Let’s peel it a part – understand some of the most prevalent biases that impact the consumer, your customer, and you, and then present different methodologies and approaches to countering the particular bias:

The Confirmation Bias

I’ve talked about this specific bias at length above. 

Confirmation bias, also called confirmatory bias or my side bias,[Note 1] is the tendency to search for, interpret, favor, and recall information in a way that confirms one’s preexisting beliefs or hypotheses.[1] It is a type of cognitive bias and a systematic error of inductive reasoning.”         Wikipedia

How does it impact consumers?

According to Jeff Toister, confirmation bias can

  • “A customer’s first impression can anchor how they feel about your business.
  • Online reviews can convince customers that you’re awesome (or not).
  • How quickly and how well you handle problems can cement a reputation.
  • Making personal connections with customers can strengthen their positive bias.
  • One prickly employee can convince customers you suck.”

Well, for one, we find this present in consumers when they are exposed to negative reputation or reviews about a company. It’s very difficult to “change” their mind’s to believe that the reputation is sound and the negative comments are isolated incidents.

Think about McDonald’s and their attempt to redeem their reputation by advertising better quality, and fresher food options.

What we’ve found is businesses battling confirmation bias need to be transparent and honest. This is paramount to repair the damage confirmation bias causes. Like the infamous KFC full page advertisement admitting their erroneous error of running out of chicken, they tackled the issue head on.

Social media is also a great tool to connect with customers, hear their voice and address the issues head on.

Another way of countering this bias is by feeding into already held beliefs. So if you’re promoting a product of sorts, try to fit it within preconceptions and expectations that your consumer may already have. For example, a client of ours promoting their book’s compatibility with e-learners or e-books like the kindle, use that convenience element that the kindle’s have to promote their own books.

Of course if someone has a positive confirmation bias of your organization you have it made. For example, this happened to me, when Zappos first became popular with their “free shipping both ways” policy. I was infatuated with the ease and convenience of it, that although I had personally experienced inconvenience with their service and found their prices outrageous, I still shopped there. It happened to me when “Ideeli” was a thing. I loved the concept of getting designer labels for a fraction of the price, and ignored some of the negatives I experienced with the service.

I am your typical consumer. Eventually I recognized what was happening and stopped shopping at these places. But the point is, confirmation bias can actually be positive, and what’s key is to keep those already happy customers happier. That rarely happens.

Duration Neglect

Duration neglect is the psychological observation that people’s judgments of the unpleasantness of painful experiences depend very little on the duration of those experiences.”            Wikipedia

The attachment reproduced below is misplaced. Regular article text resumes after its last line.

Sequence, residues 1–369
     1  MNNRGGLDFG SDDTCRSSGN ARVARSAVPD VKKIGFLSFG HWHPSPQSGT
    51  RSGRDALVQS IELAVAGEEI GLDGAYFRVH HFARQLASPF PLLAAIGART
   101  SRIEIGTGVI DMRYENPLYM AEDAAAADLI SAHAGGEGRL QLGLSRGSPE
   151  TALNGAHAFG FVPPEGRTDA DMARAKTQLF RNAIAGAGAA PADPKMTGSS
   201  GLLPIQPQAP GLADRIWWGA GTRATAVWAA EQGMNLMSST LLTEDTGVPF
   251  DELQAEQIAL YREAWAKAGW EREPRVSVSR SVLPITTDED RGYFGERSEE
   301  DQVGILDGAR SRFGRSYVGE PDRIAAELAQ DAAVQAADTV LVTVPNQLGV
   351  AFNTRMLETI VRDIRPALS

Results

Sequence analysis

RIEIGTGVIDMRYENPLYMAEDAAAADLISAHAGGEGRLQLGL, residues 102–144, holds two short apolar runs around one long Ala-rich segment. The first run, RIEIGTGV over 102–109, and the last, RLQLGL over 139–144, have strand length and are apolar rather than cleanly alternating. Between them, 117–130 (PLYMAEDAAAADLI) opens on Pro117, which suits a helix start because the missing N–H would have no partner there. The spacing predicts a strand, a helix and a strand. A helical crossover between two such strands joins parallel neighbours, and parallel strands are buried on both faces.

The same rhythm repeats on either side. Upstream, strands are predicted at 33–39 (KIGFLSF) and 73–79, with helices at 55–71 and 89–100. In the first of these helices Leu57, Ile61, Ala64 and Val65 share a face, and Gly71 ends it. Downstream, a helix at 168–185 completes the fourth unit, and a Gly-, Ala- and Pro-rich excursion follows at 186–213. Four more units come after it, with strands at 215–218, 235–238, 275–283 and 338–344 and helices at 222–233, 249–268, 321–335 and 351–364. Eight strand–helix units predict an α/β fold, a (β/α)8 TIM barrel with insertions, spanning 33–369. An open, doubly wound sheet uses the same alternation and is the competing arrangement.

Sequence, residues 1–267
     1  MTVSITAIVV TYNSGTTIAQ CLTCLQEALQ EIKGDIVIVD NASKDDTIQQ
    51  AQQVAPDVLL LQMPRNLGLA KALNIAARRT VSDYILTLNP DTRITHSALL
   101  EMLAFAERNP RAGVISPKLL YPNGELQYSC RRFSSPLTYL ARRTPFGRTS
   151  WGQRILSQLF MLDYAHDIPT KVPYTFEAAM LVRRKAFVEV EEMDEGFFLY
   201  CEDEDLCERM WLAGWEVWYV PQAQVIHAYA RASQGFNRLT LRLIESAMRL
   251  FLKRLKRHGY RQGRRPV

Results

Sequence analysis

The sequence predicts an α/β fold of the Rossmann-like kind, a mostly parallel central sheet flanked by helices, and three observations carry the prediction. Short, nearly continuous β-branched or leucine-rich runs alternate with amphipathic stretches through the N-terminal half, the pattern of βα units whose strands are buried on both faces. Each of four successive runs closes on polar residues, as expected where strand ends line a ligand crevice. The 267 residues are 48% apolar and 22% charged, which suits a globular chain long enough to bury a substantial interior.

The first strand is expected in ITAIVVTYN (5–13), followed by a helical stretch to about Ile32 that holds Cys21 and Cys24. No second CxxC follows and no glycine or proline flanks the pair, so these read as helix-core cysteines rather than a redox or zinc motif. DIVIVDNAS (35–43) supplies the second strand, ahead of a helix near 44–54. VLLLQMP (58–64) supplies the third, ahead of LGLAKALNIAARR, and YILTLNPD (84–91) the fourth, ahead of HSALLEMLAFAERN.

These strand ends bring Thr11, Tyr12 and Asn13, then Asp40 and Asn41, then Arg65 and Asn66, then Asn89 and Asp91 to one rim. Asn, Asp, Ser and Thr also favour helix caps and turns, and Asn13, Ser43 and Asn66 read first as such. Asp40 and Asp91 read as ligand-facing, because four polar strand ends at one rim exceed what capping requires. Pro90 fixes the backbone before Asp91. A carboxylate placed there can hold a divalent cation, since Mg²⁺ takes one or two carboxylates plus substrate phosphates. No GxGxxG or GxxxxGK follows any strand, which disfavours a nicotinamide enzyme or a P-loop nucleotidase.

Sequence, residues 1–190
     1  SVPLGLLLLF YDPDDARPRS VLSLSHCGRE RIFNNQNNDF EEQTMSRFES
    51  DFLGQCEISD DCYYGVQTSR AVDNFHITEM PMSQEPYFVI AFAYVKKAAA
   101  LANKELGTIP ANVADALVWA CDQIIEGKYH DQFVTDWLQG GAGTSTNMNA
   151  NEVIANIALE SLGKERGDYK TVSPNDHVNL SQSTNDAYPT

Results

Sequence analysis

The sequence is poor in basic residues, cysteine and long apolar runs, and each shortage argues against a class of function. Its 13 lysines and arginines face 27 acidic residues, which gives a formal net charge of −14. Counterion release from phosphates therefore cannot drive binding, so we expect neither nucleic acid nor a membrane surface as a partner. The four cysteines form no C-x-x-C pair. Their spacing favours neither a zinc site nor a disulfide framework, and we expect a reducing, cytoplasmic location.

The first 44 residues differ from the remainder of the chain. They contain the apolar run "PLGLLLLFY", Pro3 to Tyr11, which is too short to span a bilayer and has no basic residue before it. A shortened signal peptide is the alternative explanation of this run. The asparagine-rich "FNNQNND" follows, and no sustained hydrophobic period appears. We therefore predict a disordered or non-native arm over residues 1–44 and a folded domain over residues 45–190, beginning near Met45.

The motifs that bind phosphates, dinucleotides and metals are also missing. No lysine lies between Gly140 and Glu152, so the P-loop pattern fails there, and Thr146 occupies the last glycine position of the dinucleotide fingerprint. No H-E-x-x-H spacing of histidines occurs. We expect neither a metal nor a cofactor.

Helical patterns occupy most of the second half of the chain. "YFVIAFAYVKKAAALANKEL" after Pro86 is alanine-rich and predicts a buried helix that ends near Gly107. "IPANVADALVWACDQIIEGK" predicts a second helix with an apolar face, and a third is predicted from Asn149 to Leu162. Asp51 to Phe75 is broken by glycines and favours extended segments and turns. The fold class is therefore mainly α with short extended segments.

I always tell my clients, our work does not happen in a vacuum. I’m sorry, if your visitors turned customers have a beautiful, seamless purchase experience, but the end result is negative, they will remember the negative part. And that’s why it’s important to us to be a part of the entire experience, because it all impacts the end result of what we are trying to achieve.

In consulting this is a constant struggle. We have clients that are super happy with our service, and one misstep, wrong email, negative performing test, and it all goes to hell.

While this bias is present, it’s actually not difficult to counter. A friend of mine started an e-commerce operation. In all of the packages she included a special letter and beautifully scented tissue paper. She found eventually that this wasn’t sustainable, and removed it from her process as she grew. What she forgot was how that final unpacking is what clings in people’s minds about the product. And that beautiful scent and experience is what is paramount to leave lingering in people’s minds.

So don’t just care about making the sale. Care about the long-lasting relationship, the repeat customer, because that confirms the type of lingering effect your changes had on the consumer (positive or negative).

Loss Aversion

In cognitive psychology and decision theoryloss aversion refers to people’s tendency to prefer avoiding losses to acquiring equivalent gains: it is better to not lose $5 than to find $5”    Wikipedia

Visitor’s always want to feel like they’re winning. If they feel like they’ve lost or were somehow ripped off, this will certainly leave a bad taste in their mouths.

We has a client that built his entire model on hiding fees from customers. He would make money off of the hidden fees. Long term, this plan did not pay off for him. People felt they lost a few more dollars when they thought they were going to be getting a discount, so the psychological effects were great. Ultimately they were unable to maintain long-term, repeat business in a space that easily could have achieved that for them.